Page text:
What are Certificates of Deposit?

Certificates of deposit (CDs) require that money be kept in the account for a specific period of time to receive a specified return. CDs often require a larger initial investment than a savings account but yield a higher return. The longer the deposit length, the higher the interest rate will generally be because savers are keeping their money on deposit for a longer period of time. CDs are insured by the FDIC for up to $250,000, just like a passbook …

How is the interest rate on EE U.S. savings bonds determined?

Effective May 1, 2005, the interest rate on new Series EE bonds is fixed for the life of the bond. Existing Series EE bonds purchased before May 1, 2005, were not affected and continue to earn interest based on 90% of the average market yield of five-year Treasury securities.

Series EE bonds have used this variable interest rate method of crediting interest since 1982. Interest rates on previously issued U.S. savings bonds will continue to change every six months on …

What are investment assets?

Investment assets are tangible or intangible items obtained for producing additional income or held for speculation in anticipation of a future increase in value. Examples of investment assets include mutual funds, stocks, bonds, real estate, and retirement savings accounts such as 401(k)s and IRAs.

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A Comparison of Mutual Funds and Exchange Traded Funds (ETFs): Twelve Factors to Consider

Prepared by Dr. Jason L. Johnson, Associate Professor, Extension Economist, Registered Investment Advisor Texas A&M University and Texas AgriLife Extension.

Since the early 1990s, investors have had a choice between traditional mutual funds and a more recent counterpart labeled exchange traded funds (ETFs). Mutual fund assets continue to dominate the financial market with over $12.3 trillion invested. Between 2002 and the end of 2007, assets in ETFs increased almost 500% to more than $608 billion. On the surface, these two …

Saving for Children’s College Education

Yilmazer, T. (2008). Saving for children’s college education: an empirical analysis of the trade-off between the quality and quantity of children. Journal of Family and Economic Issues, 29(2), 307-324.

Brief Description: This paper examines the effect of children’s college expenses on household savings. Using the actual amount of parents’ financial support, the model estimates the expected expenditures on children’s college education and investigates the effect of expected expenditures on parents’ savings. The results show that households save in advance …

Fact Sheet Explains Options for Saving for College

The fact sheet lists information on personal investment accounts; traditional Individual Retirement Accounts; Roth IRAs; 401(K) and 403(B) retirement plans; custodial accounts, such as a Uniform Gift to Minors; Coverdell Education Savings Accounts; 529 plans; and U.S. Savings Bonds.

Released March 26, 2009

COLUMBUS, Ohio — Parents who are trying to save for their children’s education but aren’t sure where to start may find guidance in a four-page fact sheet, “College Savings Options,” from Ohio State University Extension.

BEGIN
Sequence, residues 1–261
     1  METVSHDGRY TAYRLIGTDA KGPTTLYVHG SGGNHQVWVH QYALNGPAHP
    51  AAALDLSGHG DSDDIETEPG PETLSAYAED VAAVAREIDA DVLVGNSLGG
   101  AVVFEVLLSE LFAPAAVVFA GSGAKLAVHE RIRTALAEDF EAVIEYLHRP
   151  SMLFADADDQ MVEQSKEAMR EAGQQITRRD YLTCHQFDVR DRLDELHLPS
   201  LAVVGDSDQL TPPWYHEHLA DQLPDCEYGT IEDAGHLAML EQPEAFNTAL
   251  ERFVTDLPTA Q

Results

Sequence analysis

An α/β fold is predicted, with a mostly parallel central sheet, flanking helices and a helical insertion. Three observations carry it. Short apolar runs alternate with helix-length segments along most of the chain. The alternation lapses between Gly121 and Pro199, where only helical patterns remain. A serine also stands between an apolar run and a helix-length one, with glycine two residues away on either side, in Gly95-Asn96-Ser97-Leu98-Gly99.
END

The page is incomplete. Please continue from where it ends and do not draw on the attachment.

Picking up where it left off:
The fact …

The Time-Value of Money

Here is how time can work for you:

  1. The longer you invest, the more money you will accumulate.
  2. The more money you invest, the more it will accumulate because of the magic of compound interest.

Compounding works like this . . .

The interest earned on your investments is reinvested or left on deposit. At the next calculation, interest is earned on the original principal plus the reinvested interest. Earning interest on accumulated interest over time generates more and more …

Your Investment Goals

Your Investment Goals

Goals are specific things (e.g., buy a car, put a new roof on the house) that people want to do with their money. As people move through various life stages, their needs and financial goals change. Your selection of investments should relate closely to your financial goals. Each goal will define the amount and liquidity of the money needed as well as the number of years available for the investment to grow.…

Your Tax Situation

The return on any investment is influenced by your federal, state, and local tax situation. Investment earnings may be:

  • Taxable – Taxes paid yearly on interest, dividends and annual capital gain distributions from investments.
  • Tax-deferred – Taxes on earnings are deferred until withdrawal. Tax-deferred earnings include contributions and returns associated with IRAs, 401(k)s, and other retirement saving plans (see Unit 7 of Investing for Your Future Learning Lesson).
  • Tax-exempt – Earnings are wholly or partly free from taxes. Roth IRAs

Your Time Horizon

Your Time Horizon

Time is a very important resource to investors.

Young investors with a long time horizon may choose investments that exhibit wide price swings, knowing that time is available for fluctuations to average out. Families investing for a specific mid-life goal (e.g., funding a child’s education or purchasing a home) may choose a more moderate course which has opportunity for growth, but provides more safety for the principal. Individuals nearing retirement and those with the need to depend …